Two separate fires in Florida last month brought attention to the dangers of space heaters. One fire burned a man over half his body and a woman and her dog escaped the second fire, which destroyed their home.
As reported at gainesville.com, the man in the first fire was using a portable kerosene heater to heat his home. The kerosene ignited and the victim’s body caught fire. He was able to put out the flames by rolling on the ground. His home did not have a central heating unit, so he used the kerosene heater as an alternative.
In the second fire, a portable heater ignited the woman’s home, which contained oxygen tanks to help her breathe. Fortunately, her and her dog escaped the burning home before the oxygen tanks exploded. Her home also did not have a working smoke detector, according to investigators.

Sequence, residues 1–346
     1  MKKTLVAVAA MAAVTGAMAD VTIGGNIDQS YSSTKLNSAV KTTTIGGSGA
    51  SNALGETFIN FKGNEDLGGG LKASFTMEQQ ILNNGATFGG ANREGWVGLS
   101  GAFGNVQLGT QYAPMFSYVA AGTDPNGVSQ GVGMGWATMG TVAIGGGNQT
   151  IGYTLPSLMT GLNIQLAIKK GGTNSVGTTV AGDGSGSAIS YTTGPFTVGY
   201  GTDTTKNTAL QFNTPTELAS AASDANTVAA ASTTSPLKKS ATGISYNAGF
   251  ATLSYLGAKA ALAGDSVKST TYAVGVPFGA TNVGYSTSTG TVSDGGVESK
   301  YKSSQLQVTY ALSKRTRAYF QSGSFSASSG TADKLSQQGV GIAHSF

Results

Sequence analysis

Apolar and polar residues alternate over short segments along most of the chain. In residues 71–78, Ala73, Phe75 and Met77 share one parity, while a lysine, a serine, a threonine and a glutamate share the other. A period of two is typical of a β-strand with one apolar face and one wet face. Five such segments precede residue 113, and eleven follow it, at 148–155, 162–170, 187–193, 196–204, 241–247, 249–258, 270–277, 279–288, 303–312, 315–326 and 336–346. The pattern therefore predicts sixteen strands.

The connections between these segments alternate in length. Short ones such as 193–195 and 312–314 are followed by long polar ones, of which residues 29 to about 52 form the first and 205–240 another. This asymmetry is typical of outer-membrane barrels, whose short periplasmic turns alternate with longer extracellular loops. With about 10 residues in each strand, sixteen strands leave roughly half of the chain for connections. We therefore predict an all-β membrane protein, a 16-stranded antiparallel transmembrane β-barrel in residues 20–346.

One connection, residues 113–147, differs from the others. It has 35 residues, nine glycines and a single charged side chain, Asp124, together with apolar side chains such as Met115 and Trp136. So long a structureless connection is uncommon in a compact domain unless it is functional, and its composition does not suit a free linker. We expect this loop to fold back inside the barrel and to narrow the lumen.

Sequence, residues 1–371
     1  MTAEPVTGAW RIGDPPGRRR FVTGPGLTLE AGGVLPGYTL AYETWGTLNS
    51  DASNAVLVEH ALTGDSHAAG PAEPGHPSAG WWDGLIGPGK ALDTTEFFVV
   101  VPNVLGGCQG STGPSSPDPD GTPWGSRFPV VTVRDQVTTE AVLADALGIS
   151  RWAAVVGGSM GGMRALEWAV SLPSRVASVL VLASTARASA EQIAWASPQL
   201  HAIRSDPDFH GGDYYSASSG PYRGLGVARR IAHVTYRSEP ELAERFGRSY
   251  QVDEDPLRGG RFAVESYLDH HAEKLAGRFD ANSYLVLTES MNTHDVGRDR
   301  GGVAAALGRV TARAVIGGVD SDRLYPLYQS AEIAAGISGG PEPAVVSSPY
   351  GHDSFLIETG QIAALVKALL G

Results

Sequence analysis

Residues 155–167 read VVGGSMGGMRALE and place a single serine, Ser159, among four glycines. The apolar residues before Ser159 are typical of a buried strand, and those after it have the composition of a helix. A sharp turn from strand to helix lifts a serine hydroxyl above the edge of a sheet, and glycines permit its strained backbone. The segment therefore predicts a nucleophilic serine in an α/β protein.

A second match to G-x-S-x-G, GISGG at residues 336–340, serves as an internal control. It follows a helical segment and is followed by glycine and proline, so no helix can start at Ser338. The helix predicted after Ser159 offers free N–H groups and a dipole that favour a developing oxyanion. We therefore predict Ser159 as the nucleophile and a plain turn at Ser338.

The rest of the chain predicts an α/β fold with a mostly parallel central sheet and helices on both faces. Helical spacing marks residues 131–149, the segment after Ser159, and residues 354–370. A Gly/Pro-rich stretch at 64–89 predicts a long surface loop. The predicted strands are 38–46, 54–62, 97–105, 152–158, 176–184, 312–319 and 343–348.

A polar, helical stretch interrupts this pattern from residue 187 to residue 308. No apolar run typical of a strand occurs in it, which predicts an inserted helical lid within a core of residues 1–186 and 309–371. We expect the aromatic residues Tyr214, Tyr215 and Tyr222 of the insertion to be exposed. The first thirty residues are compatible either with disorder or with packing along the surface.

As fuel costs rise and the weather gets chillier, many residents turn to portable heaters as an alternative. Experts caution you to take these precautions if using a space heater:
- The space heater selected must be tested by an independent testing laboratory such as Underwriter’s Laboratories (UL).
- The preferred style of space heaters are fully enclosed by design and have no external surfaces that reach temperatures capable of igniting, such as an oil filled radiant heater.
- Keep the space heater accessible – do not store anything within three feet of the unit. The leading cause of space heater fires is combustibles too close to the heater.
- The unit must have thermostatic controls and automatic shutoff features.
- Plug the space heater directly into an outlet. Do not use a light-duty extension cord or a multi outlet strip/surge protector; it can start a fire with a high-wattage appliance. Ground the unit with a three-pronged plug.
Are you using a space heater to heat a room in your home?
Colson Hicks Eidson – Florida injury lawyers